Tag: Hedging

Transaction where a person tries to protect himself against price, interest rate or foreign exchange rate fluctuations, for example, by buying or selling commodities or currencies using derivative contracts such as forwards, futures, options and swaps.

§ 1.482-1(d)(3)(iii)(C) Example 3.

S, a Country X corporation, manufactures small motors that it sells to P, its U.S. parent. P incorporates the motors into various products and sells those products to uncontrolled customers in the United States. The contract price for the motors is expressed in U.S. dollars, effectively allocating the currency risk for these transactions to S for any currency fluctuations between the time the contract is signed and payment is made. As long as S has adequate financial capacity to bear this currency risk (including by hedging all or part of the risk) and the conduct of S and P is consistent with the terms of the contract (i.e., the contract price is not adjusted to reflect exchange rate movements), the agreement of the parties to allocate the exchange risk to S will be respected ... Read more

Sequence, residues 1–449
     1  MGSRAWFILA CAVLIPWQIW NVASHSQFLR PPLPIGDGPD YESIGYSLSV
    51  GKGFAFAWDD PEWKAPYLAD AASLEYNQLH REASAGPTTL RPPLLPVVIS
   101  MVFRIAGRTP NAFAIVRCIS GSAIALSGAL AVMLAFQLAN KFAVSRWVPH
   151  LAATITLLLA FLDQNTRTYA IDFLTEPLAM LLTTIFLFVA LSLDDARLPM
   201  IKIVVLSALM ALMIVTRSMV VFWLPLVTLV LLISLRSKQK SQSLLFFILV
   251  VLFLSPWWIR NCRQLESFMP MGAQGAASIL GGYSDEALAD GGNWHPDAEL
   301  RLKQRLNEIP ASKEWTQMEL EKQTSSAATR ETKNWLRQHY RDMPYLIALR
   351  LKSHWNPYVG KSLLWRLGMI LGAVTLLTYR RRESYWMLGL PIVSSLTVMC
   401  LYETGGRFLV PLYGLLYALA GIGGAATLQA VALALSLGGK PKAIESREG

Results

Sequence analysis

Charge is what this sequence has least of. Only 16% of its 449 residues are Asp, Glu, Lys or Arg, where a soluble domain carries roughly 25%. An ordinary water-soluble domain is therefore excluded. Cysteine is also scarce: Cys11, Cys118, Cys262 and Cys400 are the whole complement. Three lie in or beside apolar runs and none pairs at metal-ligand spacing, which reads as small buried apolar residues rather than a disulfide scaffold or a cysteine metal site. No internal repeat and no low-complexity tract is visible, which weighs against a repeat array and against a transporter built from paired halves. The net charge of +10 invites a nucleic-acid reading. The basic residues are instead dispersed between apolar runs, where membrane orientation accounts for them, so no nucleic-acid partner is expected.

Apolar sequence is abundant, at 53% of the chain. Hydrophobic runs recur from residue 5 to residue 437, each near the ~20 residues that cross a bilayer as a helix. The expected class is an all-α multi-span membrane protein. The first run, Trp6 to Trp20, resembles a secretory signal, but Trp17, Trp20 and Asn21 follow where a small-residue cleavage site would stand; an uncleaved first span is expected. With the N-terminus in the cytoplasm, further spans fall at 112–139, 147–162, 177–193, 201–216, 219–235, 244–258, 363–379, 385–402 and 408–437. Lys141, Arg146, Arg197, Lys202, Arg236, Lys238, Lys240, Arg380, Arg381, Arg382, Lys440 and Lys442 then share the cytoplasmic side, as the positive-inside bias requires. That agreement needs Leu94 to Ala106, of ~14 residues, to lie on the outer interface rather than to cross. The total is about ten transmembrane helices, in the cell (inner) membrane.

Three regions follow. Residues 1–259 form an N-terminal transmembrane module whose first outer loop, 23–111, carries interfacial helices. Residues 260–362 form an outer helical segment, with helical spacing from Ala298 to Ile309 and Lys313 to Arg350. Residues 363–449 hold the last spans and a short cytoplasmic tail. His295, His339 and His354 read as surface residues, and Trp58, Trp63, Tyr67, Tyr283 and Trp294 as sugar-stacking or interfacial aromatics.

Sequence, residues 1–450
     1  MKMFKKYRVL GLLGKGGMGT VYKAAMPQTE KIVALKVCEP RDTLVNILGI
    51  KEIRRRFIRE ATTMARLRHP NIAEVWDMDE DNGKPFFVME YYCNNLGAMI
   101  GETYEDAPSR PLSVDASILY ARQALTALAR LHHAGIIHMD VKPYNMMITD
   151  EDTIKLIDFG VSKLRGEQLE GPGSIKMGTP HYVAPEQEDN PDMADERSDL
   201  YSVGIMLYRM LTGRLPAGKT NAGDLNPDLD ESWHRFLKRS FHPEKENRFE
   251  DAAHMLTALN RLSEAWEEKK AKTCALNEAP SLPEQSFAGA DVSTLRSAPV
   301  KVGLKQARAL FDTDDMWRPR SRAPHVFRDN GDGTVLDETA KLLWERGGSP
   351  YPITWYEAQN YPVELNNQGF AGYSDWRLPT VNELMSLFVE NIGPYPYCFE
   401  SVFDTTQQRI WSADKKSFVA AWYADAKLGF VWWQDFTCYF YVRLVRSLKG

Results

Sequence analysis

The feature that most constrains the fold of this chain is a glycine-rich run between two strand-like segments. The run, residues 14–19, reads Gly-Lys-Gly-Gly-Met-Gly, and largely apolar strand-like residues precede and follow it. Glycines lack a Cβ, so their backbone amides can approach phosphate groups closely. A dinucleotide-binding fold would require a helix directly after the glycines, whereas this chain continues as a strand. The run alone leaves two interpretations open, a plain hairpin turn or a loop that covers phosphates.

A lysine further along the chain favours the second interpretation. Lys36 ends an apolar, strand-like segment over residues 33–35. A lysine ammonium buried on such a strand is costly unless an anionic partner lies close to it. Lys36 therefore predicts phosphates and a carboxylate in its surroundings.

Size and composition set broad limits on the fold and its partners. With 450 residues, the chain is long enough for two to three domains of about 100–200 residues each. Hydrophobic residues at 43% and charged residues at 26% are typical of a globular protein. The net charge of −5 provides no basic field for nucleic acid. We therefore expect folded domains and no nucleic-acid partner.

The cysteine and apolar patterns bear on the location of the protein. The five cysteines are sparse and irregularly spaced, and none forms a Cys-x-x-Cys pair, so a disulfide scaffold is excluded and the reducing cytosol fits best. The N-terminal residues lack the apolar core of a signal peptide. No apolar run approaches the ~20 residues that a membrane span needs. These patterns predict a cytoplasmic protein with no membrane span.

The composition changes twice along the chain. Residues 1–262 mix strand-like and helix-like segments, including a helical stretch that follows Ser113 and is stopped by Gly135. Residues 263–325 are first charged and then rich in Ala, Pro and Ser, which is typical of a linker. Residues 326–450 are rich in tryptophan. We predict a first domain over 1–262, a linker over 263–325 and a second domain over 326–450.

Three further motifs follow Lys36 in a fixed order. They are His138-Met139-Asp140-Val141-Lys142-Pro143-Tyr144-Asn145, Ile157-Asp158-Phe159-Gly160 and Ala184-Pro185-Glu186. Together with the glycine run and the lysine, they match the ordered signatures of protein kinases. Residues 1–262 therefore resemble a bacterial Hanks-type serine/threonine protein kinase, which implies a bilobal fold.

Netherlands vs "Fertilizer BV", April 2022, Court of Appeal, Case No. ECLI:NL:GHSHE:2022:1198

Netherlands vs “Fertilizer BV”, April 2022, Court of Appeal, Case No. ECLI:NL:GHSHE:2022:1198

In 2016 Fertilizer BV had been issued a tax assessment for FY 2012 in which the tax authorities had imposed additional taxable income of €133,076,615. In November 2019 the district court ruled predominantly in favor of the tax authorities but reduced the adjustment to €78.294.312. An appel was filed by Fertilizer BV with the Court of Appeal. Judgement of the Court of Appeal Various issues related to the assessment was disputed before the Court. Dispute 1: Allocation of debt and equity capital to a permanent establishment in Libya in connection with the application of the object exemption. More specifically, the dispute is whether the creditworthiness of the head office was correctly taken as a starting point and a sufficient adjustment was made for the increased risk profile of the permanent establishment. The Court of Appeal answered this question in the affirmative, referring to the capital allocation approach that is regarded as the preferred method for the application of Article 7 ... Read more

TPG2022 Chapter X paragraph 10.153